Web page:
Gun control and ownership in the US is a largely debated topic. Each time a mass shooting, where media tags are indiscriminate, more antagonism builds between these two sides. The Constitution’s Second Amendment provides the basis for gun ownership and possession in the country. But people are asking, how are guns regulated in the USA? Who is allowed to own, buy or sell them? Are there age requirements for those who wish to purchase firearms? Is it legal to purchase guns from online shops? Are there loopholes in the gun control policy? These questions are just some of the few that people interested in buying or owning a gun would raise.
Here are some facts that answer the most common questions about gun control and ownership in the USA.
Is There a Minimum Age for Owning a Gun?
Citizens and legal residents should be at least 18 years of age to purchase rifles, shotguns, and ammunition. Other types of firearms, such as handguns, can be purchased by those 21 years and above. This is provided in the Gun Control Act of 1986. Local ordinances or officials may issue higher age restrictions, but lowering the federal minimum is not allowed.
Are There Restrictions on Who Is Allowed to Possess Firearms?
People deemed to be a danger to society, such as fugitives and patients committed to mental institutions, are restricted from purchasing and possessing firearms. Likewise, people who are previously convicted for felony and served at least a year in prison, those who served more than two years fur to a misdemeanor are also prohibited. Federal law also restricts gun ownership for those found unlawfully using or possessing controlled substances such as marijuana. Restrictions also apply to individuals with restraining orders, dishonorably discharged from the military, unauthorized migrants, and those who renounced their citizenship.
Who Regulates Firearms, State or Federal Governments?
Both the state and local governments regulate who may carry firearms in public, but laws regulating who may receive and possess remain with the federal government. Also, the Bureau of Alcohol, Tobacco, Firearms and Explosives Division regulates licenses for gun dealers. On the other hand, the National Firearms Act of 1934 regulates firearm accessories, machine guns, and shotguns.
Who Can Sell Firearms?
Firearms dealers are also required to have Federal Firearms License. There are also requirements set such as being 21 years old, a permit for the business, and insurances from a gun store insurance agency. Local law enforcement officials should be alerted at the time they submit their application to the bureau.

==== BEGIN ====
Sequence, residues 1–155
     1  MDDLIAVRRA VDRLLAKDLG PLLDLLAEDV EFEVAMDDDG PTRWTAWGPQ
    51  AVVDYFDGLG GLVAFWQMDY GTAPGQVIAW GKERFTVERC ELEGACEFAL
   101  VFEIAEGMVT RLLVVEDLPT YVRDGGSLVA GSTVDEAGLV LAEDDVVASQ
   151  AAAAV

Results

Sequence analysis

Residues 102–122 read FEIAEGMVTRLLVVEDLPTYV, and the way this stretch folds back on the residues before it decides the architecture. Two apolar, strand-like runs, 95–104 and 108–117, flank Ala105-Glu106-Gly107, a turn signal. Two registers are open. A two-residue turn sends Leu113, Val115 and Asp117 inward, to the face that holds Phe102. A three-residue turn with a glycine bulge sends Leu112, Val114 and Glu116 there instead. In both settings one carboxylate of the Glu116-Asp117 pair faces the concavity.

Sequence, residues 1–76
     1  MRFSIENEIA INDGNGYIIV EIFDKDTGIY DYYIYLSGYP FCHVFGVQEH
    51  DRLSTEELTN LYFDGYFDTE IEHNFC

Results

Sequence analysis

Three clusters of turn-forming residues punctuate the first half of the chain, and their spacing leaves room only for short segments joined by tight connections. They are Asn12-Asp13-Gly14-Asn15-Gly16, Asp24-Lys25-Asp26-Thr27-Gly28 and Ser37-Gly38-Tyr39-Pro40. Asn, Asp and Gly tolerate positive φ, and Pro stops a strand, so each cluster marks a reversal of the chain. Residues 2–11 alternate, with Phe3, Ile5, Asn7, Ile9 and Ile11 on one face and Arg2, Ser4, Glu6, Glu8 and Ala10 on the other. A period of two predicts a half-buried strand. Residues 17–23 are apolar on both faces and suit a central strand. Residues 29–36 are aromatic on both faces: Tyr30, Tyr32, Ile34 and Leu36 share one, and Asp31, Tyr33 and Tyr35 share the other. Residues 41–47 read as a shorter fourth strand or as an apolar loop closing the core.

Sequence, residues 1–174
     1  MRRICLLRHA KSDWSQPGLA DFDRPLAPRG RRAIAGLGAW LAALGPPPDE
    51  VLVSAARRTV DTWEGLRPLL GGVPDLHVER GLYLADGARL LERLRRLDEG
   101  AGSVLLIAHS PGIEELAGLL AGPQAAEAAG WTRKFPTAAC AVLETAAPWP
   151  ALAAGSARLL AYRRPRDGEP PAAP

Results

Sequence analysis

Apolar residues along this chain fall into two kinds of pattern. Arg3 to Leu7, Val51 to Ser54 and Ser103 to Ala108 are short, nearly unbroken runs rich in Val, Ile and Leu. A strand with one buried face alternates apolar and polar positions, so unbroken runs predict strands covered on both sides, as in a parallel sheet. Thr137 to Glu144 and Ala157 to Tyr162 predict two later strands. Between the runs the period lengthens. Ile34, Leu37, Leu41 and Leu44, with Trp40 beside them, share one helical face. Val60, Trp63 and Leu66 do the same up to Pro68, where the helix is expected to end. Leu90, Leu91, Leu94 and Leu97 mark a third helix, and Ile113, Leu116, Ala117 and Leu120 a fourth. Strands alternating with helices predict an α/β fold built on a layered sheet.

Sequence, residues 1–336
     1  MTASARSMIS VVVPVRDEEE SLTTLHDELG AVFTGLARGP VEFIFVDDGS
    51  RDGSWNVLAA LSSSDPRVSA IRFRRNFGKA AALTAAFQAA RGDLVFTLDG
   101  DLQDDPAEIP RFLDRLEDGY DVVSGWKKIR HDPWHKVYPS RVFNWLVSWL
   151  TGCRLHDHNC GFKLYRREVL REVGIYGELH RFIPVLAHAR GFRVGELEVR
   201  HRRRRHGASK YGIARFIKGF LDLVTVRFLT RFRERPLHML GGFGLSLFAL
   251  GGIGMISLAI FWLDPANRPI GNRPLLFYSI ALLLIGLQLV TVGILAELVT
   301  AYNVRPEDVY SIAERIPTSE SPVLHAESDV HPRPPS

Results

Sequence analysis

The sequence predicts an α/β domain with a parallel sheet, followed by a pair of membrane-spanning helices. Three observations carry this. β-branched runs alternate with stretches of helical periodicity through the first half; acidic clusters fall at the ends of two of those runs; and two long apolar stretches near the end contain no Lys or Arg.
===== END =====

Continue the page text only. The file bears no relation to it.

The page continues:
Would-be dealers should meet the same criteria as those who wish to possess a firearm. The license for gun selling is about $200 for the first three years, and an additional $90 will be added for subsequent renewal. The same requirements apply to sellers online, but the firearm will be shipped to an FFL holder who will conduct background checks on the purchaser before releasing it.
Are Background Checks Necessary for Purchasing Firearms?
An amendment to the Gun Control Act of 1986, the Brady Handgun Violence Prevention Act of 1993, requires a background check for individuals who wish to purchase a firearm. They will fill out the ATF 4473 form, which will check for red flags such as prior convictions or restraining orders. FFL holders will utilize the data from these forms to conduct a background investigation. It takes a few minutes to conduct the check, and the FFL holder will provide a yes, delay, or deny the purchase.
What Is the Gun Show Loophole?
While the law on selling, possessing, and receiving are clear, there are no clear provisions on individual transfer of gun ownership. In some cases, a person-to-person transfer does not have FFL. Thus, not everyone who owns a gun was really subjected to a background check. The ATF provides that anybody can sell a gun from their home, a flea market, gun show, or online without FFL, as long as it is not being conducted as part of a business. People can sell a firearm from their personal collection or give them away as gifts. One can actually possess a gun without a background check and not break the law.
Gun control and ownership is a divisive topic for Americans. Many are pro-gun ownership, and others are not amenable to it. Looking at these common questions being asked, people are still confused about how strict the law really is about who gets to possess, buy or sell firearms. In some countries, only law enforcers and a few citizens are allowed to buy or carry firearms. Americans presently have lenient laws on gun control and ownership. While many appreciate it, it is also subject to abuse if the laws will not enforce a more stringent law that will address the gun show loophole.